© 2012 by Dan Santat
The most exciting part of the book, however, has got to be the art (at least for me anyway). I'm a big fan of Dan Santat's work and was so excited to get my hands on this book after reading a blog post he wrote about creating the art for it. (Click the above image to go to the original post.) Inspired by the fact that he was working on a book about firefighters, Santat used both water and fire to alter the images at key moments in the story. For example, when the firefighters come face-to-face with the flames for the first time, the pages themselves look as if they're starting to burn. And when the firefighters leap to action with their hoses, their water looks as if it's not only putting out the fire in the story but also on the actual pages themselves. If you look closely, the above artwork actually has a little bit of both. Although, if you notice in the bottom right corner, Carlota is alerting the other firefighters that they're not done yet!

Wednesday, March 7, 2012

A Boy Called Dickens by Deborah Hopkinson; illustrated by John Hendrix

Last February marked the 200th anniversary of the birth of Charles Dickens and what better way to celebrate than with a picture book to introduce him to a new generation of young readers. A Boy Called Dickens chronicles Charles Dickens' early childhood working in a factory and living on his own--while the rest of his family was living in a debtor's prison. Taken out of school and forced to sell his books to a pawn shop, Charles is so obviously desperate for more of these stories that he becomes a storyteller himself. He gets through his rather bleak days by telling stories to his fellow coworkers and dreaming up new ones at night in his bed. And Deborah Hopkinson does a great job evoking this very same storytelling feel. Throughout the text she addresses the reader and asks us questions (although most are rhetorical) which gives the book a very obvious and present narrator. This book makes for a great read-aloud in a classroom for this very  reason.
© 2012 by John Hendrix
In addition to the appropriately pitched voice, John Hendrix's illustrations are completely spot on. The characters are all varying levels of gritty and the streets are all grimy, which paints a (thankfully) much more realistic picture of the 1820s than I would have expected in a picture book. Hendrix also has a great way of illustrating the characters and stories floating around in Charles' head. He draws them as these wisps of ghastly blue that I can only imagine are meant to evoke the ghosts from Charles Dickens' own A Christmas Carol.  In addition to the wonderful illustrations, Hendrix also incorporates some of his beautiful typography throughout the book too. As you can see from the cover, Hendrix has a great eye for type design and including this "word art" adds a lot to the mood of a picture book about an author. You can see my favorite spread of the entire book above and, as you probably notice, it has everything: dirt & grime, ghoulish inspiration, and words leaping off of the page.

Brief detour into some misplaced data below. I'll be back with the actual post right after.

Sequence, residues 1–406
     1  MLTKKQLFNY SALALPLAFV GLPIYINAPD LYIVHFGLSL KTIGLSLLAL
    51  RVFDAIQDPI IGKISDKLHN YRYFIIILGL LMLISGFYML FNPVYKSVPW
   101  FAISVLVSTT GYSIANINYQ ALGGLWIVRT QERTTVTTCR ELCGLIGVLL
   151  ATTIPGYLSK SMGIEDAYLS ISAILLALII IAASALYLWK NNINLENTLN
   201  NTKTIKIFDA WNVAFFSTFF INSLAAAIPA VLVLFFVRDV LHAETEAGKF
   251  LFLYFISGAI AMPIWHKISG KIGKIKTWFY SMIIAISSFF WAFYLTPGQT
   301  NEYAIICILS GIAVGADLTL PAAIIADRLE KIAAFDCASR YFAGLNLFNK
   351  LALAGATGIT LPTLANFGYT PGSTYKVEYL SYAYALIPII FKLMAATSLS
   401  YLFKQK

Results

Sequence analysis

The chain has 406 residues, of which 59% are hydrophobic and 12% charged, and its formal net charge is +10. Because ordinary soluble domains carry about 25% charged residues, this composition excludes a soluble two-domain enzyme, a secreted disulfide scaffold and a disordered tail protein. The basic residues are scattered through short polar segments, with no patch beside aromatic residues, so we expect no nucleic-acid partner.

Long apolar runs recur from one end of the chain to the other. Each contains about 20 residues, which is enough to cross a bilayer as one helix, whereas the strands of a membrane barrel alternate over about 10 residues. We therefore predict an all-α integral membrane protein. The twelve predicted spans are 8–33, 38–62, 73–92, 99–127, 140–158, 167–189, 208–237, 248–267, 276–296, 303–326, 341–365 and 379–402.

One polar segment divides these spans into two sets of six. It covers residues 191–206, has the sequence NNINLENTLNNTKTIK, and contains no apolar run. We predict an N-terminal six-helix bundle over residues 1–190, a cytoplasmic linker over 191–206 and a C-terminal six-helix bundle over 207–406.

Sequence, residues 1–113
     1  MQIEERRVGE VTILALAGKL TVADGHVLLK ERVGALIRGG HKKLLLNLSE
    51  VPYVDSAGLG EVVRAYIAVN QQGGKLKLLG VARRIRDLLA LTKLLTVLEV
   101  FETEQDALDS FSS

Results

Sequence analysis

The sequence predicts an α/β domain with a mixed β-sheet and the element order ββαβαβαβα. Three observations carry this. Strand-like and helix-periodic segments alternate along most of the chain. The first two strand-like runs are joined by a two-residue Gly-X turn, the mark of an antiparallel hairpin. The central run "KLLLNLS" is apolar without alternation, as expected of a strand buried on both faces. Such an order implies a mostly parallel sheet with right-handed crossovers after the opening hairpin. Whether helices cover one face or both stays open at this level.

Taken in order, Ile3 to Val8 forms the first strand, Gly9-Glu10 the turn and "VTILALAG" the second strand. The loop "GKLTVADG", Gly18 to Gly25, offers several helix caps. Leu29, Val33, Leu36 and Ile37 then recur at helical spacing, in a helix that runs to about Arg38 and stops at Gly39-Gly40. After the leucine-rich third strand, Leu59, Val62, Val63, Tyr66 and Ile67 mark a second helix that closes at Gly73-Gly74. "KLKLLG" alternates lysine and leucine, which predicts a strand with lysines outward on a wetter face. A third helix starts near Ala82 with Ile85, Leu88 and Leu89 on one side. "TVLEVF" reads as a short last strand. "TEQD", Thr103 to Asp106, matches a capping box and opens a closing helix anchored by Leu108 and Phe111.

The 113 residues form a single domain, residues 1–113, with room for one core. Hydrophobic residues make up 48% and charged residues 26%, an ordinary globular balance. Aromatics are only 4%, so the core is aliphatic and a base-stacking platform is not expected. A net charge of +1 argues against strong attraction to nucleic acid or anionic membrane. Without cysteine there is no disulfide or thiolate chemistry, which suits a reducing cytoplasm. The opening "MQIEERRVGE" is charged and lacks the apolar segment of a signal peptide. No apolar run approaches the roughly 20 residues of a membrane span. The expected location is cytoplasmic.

Thursday, March 1, 2012

UNUSUAL SUSPECTS: The Cat in the Hat & The Lorax illustrated by Dan Santat

© Dan Santat
In honor of the anniversary of Dr. Seuss's birthday and the upcoming release of The Lorax, I thought I would bring up these wonderful sketches by the talented Dan Santat. Santat is one of my favorite illustrators (if you haven't already, do yourself a favor and pick up Sidekicks)! Now don't get me wrong, I'm obviously a huge fan of Dr. Seuss' work, but there's just something about the three-dimensional/cinematic quality of Santat's art style that's so appealing. I'd be really interested to see what how these would look in color.
© Dan Santat
Apparently these sketches are for an upcoming Dr. Suess themed show at Gallery Nucleus, so I'm looking forward to seeing what other artits are contributing. And if you're interested in seeing more sketches by Dan Santat, he has a wonderful blog--A Slow Growing Mass of Tangible Thoughts--where he occasionally posts work from his sketchbook.

Monday, February 20, 2012

UNUSUAL SUSPECTS: The Hobbit illustrated by Maurice Sendak?

Maurice Sendak's "The Hobbit," in pen and ink, 1967
(Credit: Maurice Sendak/Beinecke Rare Book and Manuscript Library of Yale University)

What if Maurice Sendak, creator of the timeless Where the Wild Thing Are, had illustrated J.R.R. Tolkien's epic fantasy The Hobbit ?  It's not as far-fetched as it sounds. You can check out an enlightening essay by author and illustrator, Tony DiTerlizzi, on the version of The Hobbit that almost came to be here. 

And stay tuned for more unexpected, unforgettable, unmistakable artists interpreting some of your favorite children's books in the next installment of Unusual Suspects.